VAR editor, Andrew Kantor recently wrote a great Op/Ed on Virginia’s housing market which ran in the Virginian-Pilot out of Hampton Roads, VA. Check it out!
A coming change to the housing market is an opportunity to kick the economy back into high gear – but, if we don’t all work together, it could stagnate the housing market and maybe the rest of the economy as well.
Thousands of people who lost their homes to foreclosure are reaching the point where their credit has cleared enough for them to re-enter the market.
Unfortunately, just as these “boomerang buyers” are beginning to get on their financial feet, there aren’t enough homes for them to buy.
That’s fixable, but it still puts us at a crossroads of the economic recovery.
When the housing bubble burst, millions of people lost their homes because they couldn’t afford their mortgage payments. They were foreclosed on or bought out on the cheap via short sales.
Their homes ended up in the hands of lenders or with investors who turned them into rental units. As a result, prices plummeted and U.S. homeownership is at its lowest rate in 50 years. About 4.5 percent of former owners now rent.
Fueled by post-bubble prices and historically low mortgage rates, the housing market has been recovering, lifting the rest of the economy with it. If things don’t change, though, that may not last.
The housing crisis has pushed sellers to the sidelines. The sinking sensation of the market crash is still with us, making too many sellers afraid to enter the market. Prices are certainly going up, but too many people expect prices to reach those mid-bubble highs again – forgetting that it was a bubble.
Meanwhile, thousands of bank-owned homes remain off the market, as lenders haven’t gotten around to clearing out their inventory. Investors have turned many private homes into rentals, leaving fewer choices for typical buyers.
The result: There isn’t enough to sell. Inventory is down by more than 40 percent over last year, and the homes that are on the market are selling much more quickly (16 percent more quickly this year than last).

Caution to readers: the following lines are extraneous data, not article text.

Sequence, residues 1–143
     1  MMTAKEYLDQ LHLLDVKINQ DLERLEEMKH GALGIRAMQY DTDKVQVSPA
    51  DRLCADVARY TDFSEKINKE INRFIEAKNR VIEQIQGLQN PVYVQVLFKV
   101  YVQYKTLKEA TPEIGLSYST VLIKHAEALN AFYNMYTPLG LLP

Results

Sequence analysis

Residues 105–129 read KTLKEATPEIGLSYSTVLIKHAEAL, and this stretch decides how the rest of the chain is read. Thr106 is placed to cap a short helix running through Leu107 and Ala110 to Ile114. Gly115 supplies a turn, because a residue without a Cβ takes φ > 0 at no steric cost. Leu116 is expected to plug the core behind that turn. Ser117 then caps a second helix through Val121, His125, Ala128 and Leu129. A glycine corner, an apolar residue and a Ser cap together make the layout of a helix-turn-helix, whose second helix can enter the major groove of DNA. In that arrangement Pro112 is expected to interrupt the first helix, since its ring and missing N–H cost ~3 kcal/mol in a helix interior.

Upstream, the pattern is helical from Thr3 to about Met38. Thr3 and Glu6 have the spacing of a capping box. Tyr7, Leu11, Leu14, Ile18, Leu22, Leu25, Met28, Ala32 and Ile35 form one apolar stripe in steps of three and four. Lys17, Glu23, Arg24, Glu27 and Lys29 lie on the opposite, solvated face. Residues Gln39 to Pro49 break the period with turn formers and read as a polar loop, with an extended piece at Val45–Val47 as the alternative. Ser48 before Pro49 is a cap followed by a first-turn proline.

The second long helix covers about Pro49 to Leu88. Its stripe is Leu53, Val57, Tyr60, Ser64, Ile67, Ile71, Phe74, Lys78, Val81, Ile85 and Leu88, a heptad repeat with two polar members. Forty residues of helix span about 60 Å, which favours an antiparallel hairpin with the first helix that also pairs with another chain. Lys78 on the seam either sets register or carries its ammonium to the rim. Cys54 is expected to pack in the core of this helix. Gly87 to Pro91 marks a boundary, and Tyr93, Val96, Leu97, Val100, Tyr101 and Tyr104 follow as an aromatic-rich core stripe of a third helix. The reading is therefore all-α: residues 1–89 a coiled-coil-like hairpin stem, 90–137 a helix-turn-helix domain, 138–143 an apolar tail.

The Federal Housing Administration won’t give someone a mortgage until three years have passed from a foreclosure; traditional lenders wait seven.
In Virginia, foreclosures started to rise significantly around 2006; they peaked in 2011.
That means boomerang buyers began appearing as early as 2009. They’ll really start to show in force in 2014, when they are likely to be a major factor in the housing economy. (The good news is that new regulations make sure that the mistakes that led to the housing bubble are much harder to repeat.)
So the buyers are coming, but will there be anything for them to buy?
To keep the economy prospering, we need a few things to happen. Banks need to release the properties they’ve acquired by foreclosure. Some of them have held onto homes for years, leaving them vacant – and that’s not good for anyone.
Government needs to keep its regulations smart – tight enough to protect consumers but loose enough to allow lending to responsible, credit worthy customers.
And sellers need to realize that home prices aren’t going to skyrocket to 2005 and 2006 levels anytime soon.
Americans still want to own their own homes, and the real estate market has helped power the economy back to a healthier state. But we need to keep that engine running. The fuel is housing – it’s getting homes back into circulation and helping buyers be ready and able to buy them.
We won’t get something for nothing: Buyers can’t expect the incredible bargains of 2009, and sellers can’t expect the prices of 2006. Banks will have to deal with new regulations, but government needs to keep those regulations smart and focused.
Together, though, we can keep the world’s largest and most vibrant economy surging ahead.